Why Ajanta Caves are so Popular: Twenty Facts at a Glance
The Ajanta Caves in Aurangabad district of Maharashtra state of India are about 30 rock-cut Buddhist cave monuments which constructed from the 2nd century BCE to about 480 or 650 CE. These caves depict paintings and sculptures protected by the government Archaeological Survey of India as “the finest surviving examples of Indian art, particularly painting”. These paintings are magnum opus of Buddhist religious art, with figures of the Buddha and depictions of the Jataka tales. The Ajanta Caves have been a UNESCO World Heritage Site in 1983.
Pictures of Ajanta Caves:
Facts about Ajanta Caves:
I. Ajanta caves were discovered by an Army Officer (Madras Regiment of the British Army) in 1819.
II. Ajanta caves were excavated between 2nd century and 6th century.
III. The Ajanta group of caves, lying deep within the Sahyadri hills, cut into the curved mountain side.
IV. They depict the story of Buddhism , spanning a period from 200 BC to 650 AD.
V. The caves are believed to be made in 2 distinct periods: Satavahana) period and Vakataka, period.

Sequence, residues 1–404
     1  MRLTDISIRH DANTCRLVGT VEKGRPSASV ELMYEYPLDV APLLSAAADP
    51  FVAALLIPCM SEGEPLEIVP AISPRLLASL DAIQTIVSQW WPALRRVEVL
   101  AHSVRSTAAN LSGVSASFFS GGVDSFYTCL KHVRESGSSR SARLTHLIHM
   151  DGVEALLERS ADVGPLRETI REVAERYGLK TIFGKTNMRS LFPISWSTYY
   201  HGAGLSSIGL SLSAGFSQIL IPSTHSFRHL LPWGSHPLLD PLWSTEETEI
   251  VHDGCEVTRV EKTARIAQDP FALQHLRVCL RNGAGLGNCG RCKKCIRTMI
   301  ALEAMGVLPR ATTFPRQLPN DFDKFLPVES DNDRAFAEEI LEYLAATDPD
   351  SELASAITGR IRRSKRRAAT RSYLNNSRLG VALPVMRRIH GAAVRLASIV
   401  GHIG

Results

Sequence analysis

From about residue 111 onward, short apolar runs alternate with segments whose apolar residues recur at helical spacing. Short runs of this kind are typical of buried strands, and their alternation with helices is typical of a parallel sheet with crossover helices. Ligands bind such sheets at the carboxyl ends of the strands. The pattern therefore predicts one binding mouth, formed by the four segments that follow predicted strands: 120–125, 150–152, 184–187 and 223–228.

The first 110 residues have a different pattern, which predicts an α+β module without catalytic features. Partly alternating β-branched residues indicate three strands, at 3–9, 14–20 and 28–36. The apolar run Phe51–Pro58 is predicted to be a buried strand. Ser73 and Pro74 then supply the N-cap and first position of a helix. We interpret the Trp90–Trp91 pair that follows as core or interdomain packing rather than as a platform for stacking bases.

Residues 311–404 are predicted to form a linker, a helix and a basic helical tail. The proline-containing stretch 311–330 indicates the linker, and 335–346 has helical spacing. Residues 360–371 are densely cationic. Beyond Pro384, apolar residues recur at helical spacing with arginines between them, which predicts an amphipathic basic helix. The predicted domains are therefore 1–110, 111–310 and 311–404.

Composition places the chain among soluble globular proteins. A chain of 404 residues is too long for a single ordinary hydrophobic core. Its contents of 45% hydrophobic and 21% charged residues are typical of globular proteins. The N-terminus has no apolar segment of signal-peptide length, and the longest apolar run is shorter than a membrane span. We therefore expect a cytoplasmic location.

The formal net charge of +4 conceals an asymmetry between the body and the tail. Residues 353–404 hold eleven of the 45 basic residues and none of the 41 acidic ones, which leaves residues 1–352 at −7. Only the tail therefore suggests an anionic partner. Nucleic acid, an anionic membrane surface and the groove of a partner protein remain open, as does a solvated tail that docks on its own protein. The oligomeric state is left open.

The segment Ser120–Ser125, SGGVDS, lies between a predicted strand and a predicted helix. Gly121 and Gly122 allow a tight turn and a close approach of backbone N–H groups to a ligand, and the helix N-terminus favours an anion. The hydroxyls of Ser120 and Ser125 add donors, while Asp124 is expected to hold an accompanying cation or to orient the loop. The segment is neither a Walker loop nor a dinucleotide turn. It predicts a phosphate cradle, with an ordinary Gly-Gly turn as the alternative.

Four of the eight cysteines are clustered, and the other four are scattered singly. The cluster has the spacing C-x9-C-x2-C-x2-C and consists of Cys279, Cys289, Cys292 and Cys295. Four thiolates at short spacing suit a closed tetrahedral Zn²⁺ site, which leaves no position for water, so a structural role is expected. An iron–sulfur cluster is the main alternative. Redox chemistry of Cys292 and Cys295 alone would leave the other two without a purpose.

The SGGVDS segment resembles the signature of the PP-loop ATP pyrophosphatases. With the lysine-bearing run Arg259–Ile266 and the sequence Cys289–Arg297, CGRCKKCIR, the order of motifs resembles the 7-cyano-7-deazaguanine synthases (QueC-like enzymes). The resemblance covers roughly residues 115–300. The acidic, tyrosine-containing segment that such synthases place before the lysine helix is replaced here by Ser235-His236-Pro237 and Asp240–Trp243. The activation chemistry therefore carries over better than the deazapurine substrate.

VI. Ajanta caves are excavated in a horse shoe shaped rock surface.
VII. The height of the caves rises up to 76 metres, overlooking the Waghora stream.
VIII. Total 30 excavations found at the site, search is still in progress.
IX. With regard to date and style, the earliest excavations belong to Hinayana sect of Buddhism. This comprises of total five caves, i.e. 9 & 10, which are Chaityagrihas while 8, 12, 13 are viharas.
X. These caves depict the life of God Buddha through Jataka stories.
XI. Stupas were the objects of worship in these caves.
XII. The caves have been carved such that they seem to imitate the intricacies of wooden construction.
XIII.The base surface of the paintings on walls and ceilings consisted of a rough layer of ferruginous earth mixed with rock-grit or sand, vegetable fibres, paddy husk, grass and other fibrous material of organic origin.
XIV.The second coat was of mud and ferruginous earth mixed with fine rock-powder or sand and fine fibrous vegetable material. This surface was finally worked with a thin coat of lime wash.
XV. Over the lime washed surface, outlines were drawn boldly and spaces were filled with requisite colors in different shades and tones to achieve the effect of rounded and plastic volumes.
XVI.The colors and shades used were red and yellow ochre, terra verte, lime, kaolin, gypsum, lamp black and lapis lazuli.
XVII.The main binding material used in the paintings was glue. Thus, the paintings at Ajanta are not frescoes as they are painted with the help of a binding agent.
XVIII. Ajanta caves were tagged as the UNESCO World Heritage Sites in 1983.
XIX Currently these caves are taken care by the Archeological Survey of India.
XX. The general style of paintings at The Ajanta caves seems to have influenced paintings in Tibet and Srilanka.
Image source: http://asi.nic.in/asi